The Secret Life of New York City Christmas Trees

The Secret Life of New York City Christmas Trees

(Photos: Summer Cartwright)

The concrete jungle is getting some added green this month, all thanks to the famous (or infamous, if they affect walking home at rush hour) Christmas tree and wreath vendors that line the city’s sidewalks.

Much like the city’s population, these vendors are transplants who come from all over (Alaska, North Carolina, upstate New York, Pennsylvania, etc.). With them they bring trees (ranging from $40 to $180 and princess to white pine), and other pine things (wreaths, branches, basically everything your mom would love to stock the living room with).

Some, like Rick Bishop, are yearlong street vendors that swap their usual goods or add some additional items for Christmas cheer. Others kind of just appear, as Bishop puts it, “as soon as the leftover turkey is gone.”

While it might seem odd to buy a Christmas tree off of the street on your way home from a Beyonce-themed kickboxing class, it’s one of the few options New Yorkers have when living in Manhattan — unless they’re ready and willing to shove a six footer through subway doors.

Bishop’s been coming to the Union Square Greenmarket for more than 30 years, and started bringing princess pine wreaths along with his potatoes (in chip, laratte, baby fingerling, German butterball and purple Peruvian forms) come November.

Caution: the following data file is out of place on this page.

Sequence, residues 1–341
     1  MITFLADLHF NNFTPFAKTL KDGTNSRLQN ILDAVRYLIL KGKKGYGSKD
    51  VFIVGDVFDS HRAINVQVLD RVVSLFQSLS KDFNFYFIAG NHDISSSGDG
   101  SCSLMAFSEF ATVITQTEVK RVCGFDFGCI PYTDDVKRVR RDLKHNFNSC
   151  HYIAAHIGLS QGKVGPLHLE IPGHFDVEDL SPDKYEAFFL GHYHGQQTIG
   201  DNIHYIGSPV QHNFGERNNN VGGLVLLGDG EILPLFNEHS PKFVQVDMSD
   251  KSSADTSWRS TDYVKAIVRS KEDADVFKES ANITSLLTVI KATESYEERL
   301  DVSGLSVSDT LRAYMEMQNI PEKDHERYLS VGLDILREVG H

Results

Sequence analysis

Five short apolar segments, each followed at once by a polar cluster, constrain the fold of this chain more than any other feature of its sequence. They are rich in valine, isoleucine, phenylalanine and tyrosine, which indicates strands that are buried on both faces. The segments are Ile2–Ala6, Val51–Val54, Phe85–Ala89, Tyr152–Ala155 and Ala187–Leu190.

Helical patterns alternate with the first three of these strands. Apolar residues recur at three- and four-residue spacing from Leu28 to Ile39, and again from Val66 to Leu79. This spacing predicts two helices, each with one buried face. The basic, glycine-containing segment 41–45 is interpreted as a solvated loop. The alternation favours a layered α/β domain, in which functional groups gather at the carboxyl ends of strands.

What’s selling this year?

Burlap bows, which Bishop and employee Maria Muller say seem to show a minimalistic trend for 2018.

Their pines come from Mountain Sweet Berry Farm in the Catskills Mountains upstate, and come in a bunch of different sets. The most popular (and most able bodied to be squashed into a suitcase to bring home for holidays) is the 12-inch wreath, which costs $38 and can last for years, he says, so long as you don’t mind the yellow color it’ll turn.

Bishop says his booth sells hundreds and hundreds of wreaths and pine displays, which, for $20 to $400 in price depending on size, makes the case for street tree vendors even more understandable. On top of that, these sellers don’t have to buy street permits.

Somewhere deep within a New York City ordinance, there’s a Christmas Clause (get it?). According to a Newsday article, this legislation basically gives anyone with a tree free range to sell it anywhere.

When the holidays go away, so too will the sidewalk vendors, but like the time it takes to shed away the December weight, they’ll stick around for a little while after the new year, Bishop says.

He said most people who sell do so until the last tree goes, so if you’re a grinch about the added roadblocks, ba humbug your way to Martha’s Vineyard until January.

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Written by Punchland Staff

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